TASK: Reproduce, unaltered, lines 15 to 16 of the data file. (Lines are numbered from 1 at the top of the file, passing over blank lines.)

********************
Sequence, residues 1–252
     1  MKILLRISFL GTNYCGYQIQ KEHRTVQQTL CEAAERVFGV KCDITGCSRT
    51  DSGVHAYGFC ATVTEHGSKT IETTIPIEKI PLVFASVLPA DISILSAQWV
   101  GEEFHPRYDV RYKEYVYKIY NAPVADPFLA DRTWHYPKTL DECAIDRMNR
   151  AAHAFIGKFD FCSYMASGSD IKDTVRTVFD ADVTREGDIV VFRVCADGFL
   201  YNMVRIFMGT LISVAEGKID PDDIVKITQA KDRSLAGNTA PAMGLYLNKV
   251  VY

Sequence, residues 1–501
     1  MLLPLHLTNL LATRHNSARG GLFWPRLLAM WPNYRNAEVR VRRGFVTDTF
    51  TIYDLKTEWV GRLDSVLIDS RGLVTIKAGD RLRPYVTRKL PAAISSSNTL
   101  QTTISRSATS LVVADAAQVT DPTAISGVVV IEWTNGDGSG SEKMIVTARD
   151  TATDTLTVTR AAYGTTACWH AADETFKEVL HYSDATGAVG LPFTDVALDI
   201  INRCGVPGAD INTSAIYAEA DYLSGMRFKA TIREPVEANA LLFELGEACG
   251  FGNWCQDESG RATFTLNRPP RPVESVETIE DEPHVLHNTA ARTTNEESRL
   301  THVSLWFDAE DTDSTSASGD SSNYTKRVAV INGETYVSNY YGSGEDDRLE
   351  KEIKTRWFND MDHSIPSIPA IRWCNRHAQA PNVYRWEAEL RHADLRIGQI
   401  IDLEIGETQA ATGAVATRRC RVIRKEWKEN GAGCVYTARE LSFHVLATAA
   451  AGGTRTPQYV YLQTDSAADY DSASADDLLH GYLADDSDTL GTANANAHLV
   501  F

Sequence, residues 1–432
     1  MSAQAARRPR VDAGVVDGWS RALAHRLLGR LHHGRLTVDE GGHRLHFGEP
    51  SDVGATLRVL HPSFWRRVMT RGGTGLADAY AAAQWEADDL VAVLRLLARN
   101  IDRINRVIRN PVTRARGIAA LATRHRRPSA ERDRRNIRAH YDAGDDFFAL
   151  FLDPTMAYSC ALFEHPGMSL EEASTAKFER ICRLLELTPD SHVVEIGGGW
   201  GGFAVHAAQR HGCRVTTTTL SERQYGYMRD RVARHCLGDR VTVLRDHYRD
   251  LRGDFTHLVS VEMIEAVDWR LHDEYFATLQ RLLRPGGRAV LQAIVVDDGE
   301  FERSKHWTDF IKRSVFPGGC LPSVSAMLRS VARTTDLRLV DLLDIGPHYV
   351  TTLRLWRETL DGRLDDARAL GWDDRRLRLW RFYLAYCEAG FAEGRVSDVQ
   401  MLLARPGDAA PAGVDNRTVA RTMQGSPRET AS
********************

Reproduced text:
   301  THVSLWFDAE DTDSTSASGD SSNYTKRVAV INGETYVSNY YGSGEDDRLE
   351  KEIKTRWFND MDHSIPSIPA IRWCNRHAQA PNVYRWEAEL RHADLRIGQI